WASHINGTON — As House Democrats bear down on President Donald Trump with an impeachment inquiry, U.S. Rep. Lee Zeldin has used his insider status in the closed-door process to step up as one of his most outspoken defenders.
Zeldin (R-Shirley) has gone to every deposition and interview as a member of one of the three House committees conducting the inquiry, which began a month ago, and he never misses a chance to slam the Democrats and their methods to reporters afterward.
“This impeachment inquiry has produced NOTHING to impeach POTUS for (I've been inside every depo thus far). While Dems run from the MANY gross flaws of how this circus is run, I welcome a debate on just how massively screwed up their clown show is on the SUBSTANCE,” Zeldin posted Thursday, winning a retweet from Trump.
The congressman blasted that tweet out just days after Bill Taylor, the top U.S. diplomat in Ukraine, said in his opening statement that Trump demanded that Ukraine open an investigation into his Democratic opponents before he would release U.S. military aid.
Democrats call that testimony damaging and serious, contradicting Trump’s claim that there was no quid pro quo in the July 25 phone call he had with Ukraine President Volodymyr Zelensky in which Trump asked for a “favor” — investigate the Bidens and the 2016 election.
Zeldin, 39, a lawyer, veteran and third-term congressman, has gone all in on Trump, becoming a stronger backer since he endorsed him in May 2016. Trump won big in Zeldin’s Suffolk County district in 2016, and Zeldin has twice won reelection.
Three years ago, Zeldin worried about being too closely tied to Trump, but now he acts and sounds more like the president as his voting has shifted to the right and he more often keeps company with conservative House Freedom Caucus members.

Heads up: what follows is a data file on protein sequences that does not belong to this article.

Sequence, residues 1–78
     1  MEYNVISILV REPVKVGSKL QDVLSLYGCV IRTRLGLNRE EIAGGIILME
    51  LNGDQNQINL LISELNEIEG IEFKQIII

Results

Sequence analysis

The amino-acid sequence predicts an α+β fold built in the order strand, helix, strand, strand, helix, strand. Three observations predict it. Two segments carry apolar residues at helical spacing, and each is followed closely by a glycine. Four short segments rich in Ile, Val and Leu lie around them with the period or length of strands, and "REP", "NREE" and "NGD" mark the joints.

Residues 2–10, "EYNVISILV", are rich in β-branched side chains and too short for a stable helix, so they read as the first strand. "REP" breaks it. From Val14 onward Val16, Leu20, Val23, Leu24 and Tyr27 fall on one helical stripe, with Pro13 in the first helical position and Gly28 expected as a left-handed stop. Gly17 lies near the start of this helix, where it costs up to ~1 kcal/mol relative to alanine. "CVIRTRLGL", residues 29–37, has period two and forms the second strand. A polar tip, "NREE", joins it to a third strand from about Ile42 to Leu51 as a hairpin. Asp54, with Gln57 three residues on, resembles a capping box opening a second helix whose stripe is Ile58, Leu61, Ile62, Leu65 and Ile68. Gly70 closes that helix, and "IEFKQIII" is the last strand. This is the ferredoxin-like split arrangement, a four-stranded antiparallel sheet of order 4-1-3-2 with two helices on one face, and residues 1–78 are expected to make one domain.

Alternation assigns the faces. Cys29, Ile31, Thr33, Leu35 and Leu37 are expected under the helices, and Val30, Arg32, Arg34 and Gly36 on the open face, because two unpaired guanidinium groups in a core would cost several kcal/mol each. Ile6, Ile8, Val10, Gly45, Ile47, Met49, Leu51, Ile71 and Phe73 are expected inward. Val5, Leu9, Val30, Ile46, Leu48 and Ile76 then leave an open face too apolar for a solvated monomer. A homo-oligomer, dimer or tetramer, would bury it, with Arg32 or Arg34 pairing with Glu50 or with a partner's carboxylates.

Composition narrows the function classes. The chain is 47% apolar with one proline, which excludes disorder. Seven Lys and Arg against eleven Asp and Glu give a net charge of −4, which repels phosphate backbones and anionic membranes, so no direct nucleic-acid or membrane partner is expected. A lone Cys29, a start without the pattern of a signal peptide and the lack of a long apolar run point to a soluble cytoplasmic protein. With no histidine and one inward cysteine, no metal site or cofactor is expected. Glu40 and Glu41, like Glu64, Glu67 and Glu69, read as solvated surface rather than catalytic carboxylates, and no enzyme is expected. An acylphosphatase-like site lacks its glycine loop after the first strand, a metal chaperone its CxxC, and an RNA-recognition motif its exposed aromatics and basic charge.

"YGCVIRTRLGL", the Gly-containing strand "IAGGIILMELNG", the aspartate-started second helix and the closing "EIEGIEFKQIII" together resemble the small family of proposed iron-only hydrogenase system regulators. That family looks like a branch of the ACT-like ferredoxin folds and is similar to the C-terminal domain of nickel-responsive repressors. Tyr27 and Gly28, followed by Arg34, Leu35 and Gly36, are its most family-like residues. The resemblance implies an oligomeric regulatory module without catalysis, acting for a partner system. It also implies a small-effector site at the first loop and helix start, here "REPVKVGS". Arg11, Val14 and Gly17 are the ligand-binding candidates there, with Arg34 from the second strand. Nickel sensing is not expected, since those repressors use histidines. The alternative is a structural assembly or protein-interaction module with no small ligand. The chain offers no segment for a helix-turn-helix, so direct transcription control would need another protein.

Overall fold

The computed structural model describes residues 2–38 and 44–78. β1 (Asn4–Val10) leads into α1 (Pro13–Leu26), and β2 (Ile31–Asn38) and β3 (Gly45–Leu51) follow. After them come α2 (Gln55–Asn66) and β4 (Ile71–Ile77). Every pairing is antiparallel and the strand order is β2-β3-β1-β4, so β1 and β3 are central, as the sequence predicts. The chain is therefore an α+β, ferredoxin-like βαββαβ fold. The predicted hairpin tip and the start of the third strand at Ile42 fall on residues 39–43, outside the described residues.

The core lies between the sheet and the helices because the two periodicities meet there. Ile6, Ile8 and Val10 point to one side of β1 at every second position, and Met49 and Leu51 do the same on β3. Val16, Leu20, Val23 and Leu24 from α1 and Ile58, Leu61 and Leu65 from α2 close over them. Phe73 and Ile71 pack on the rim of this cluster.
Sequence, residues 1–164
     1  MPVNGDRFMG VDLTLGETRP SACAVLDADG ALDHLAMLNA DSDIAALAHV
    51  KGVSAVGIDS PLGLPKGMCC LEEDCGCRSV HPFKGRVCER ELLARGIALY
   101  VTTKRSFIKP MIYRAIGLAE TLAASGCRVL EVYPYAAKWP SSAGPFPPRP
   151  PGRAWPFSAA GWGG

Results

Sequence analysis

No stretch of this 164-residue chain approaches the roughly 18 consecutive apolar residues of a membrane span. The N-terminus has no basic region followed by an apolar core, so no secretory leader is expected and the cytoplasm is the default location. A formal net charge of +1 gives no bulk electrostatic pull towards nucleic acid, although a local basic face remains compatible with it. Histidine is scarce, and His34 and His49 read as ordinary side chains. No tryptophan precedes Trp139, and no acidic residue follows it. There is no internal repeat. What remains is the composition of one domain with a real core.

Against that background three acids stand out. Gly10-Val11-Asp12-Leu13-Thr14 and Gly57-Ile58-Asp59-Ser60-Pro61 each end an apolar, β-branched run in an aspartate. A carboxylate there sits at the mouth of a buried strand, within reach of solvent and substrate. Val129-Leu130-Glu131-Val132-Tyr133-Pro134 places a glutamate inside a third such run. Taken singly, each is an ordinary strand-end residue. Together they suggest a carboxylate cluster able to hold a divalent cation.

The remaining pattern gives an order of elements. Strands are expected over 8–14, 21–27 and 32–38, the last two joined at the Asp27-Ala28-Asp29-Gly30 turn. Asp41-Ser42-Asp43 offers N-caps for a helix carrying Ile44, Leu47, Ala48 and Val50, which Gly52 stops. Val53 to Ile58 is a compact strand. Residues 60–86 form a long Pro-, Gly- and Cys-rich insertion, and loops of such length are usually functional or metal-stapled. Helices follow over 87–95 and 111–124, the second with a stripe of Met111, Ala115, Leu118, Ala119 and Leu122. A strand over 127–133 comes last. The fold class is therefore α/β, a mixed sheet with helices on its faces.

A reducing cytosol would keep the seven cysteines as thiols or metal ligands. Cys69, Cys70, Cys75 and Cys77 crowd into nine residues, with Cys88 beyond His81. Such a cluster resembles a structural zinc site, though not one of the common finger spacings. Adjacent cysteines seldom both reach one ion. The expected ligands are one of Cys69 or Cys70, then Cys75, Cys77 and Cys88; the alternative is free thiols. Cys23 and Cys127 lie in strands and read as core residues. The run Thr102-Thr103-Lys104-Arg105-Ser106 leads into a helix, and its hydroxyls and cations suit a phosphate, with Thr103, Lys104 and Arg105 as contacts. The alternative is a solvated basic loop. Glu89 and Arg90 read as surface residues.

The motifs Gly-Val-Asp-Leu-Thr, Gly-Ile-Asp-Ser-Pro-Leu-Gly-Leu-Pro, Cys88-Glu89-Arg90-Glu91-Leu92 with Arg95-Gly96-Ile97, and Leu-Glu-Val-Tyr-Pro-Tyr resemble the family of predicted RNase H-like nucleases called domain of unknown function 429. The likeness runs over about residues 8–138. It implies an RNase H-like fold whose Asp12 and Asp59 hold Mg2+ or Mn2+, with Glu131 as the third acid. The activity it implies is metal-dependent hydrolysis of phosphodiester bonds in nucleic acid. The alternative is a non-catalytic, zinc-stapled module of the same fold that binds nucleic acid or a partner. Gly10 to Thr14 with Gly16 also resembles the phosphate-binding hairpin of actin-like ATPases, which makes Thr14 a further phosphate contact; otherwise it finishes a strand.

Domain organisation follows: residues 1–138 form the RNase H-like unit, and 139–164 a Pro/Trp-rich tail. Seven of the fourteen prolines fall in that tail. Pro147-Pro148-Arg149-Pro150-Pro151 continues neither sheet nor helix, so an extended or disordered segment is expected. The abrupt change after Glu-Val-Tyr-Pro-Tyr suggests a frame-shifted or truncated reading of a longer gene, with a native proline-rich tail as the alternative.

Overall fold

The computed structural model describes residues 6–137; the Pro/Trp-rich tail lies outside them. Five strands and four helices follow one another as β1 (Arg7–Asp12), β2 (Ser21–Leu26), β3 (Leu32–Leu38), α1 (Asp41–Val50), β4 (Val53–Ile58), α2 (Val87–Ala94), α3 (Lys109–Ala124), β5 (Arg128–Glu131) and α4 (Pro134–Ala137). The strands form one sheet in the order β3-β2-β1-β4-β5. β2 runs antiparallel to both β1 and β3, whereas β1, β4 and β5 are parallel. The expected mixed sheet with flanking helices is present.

Zeldin roasts Rep. Adam Schiff (D-Calif.), chairman of the impeachment inquiry, and other Trump foes with epithets that echo the tone and words of the president, calling Schiff a “liar and a leaker” and the process a “kangaroo court,” “a coup attempt” and a “sham.”
Zeldin said he feels on solid ground in his district as he casts his lot with Trump, with House Democrats moving toward adopting an article of impeachment and a trial in a Senate controlled by Republicans.
“We're getting a lot more people reaching out to us with opposition to the impeachment inquiry than in favor of it,” he said.
That’s because his home turf is unlike the typical suburban swing district, said Lawrence Levy, executive dean at Hofstra’s National Center for Suburban Studies. It has rural elements, lower income and educational levels, and weaker benefits from the economic boom, like much of Trump country in the interior, he said.
The question for Zeldin is whether Trump backers rally in the 2020 election or if energetic Democrats who fervently oppose the president overwhelm them.
“It’s really too far out to tell,” Levy said. “We don’t know the damage to Trump the impeachment process may do.”
After a recent deposition, Zeldin explained his role as he walked through the Capitol’s underground tunnels to the House office building where he works and sleeps.
He said he has a perch in the inquiry as the top Republican on a subcommittee of the Foreign Affairs Committee, which is conducting it with the Intelligence and Oversight committees.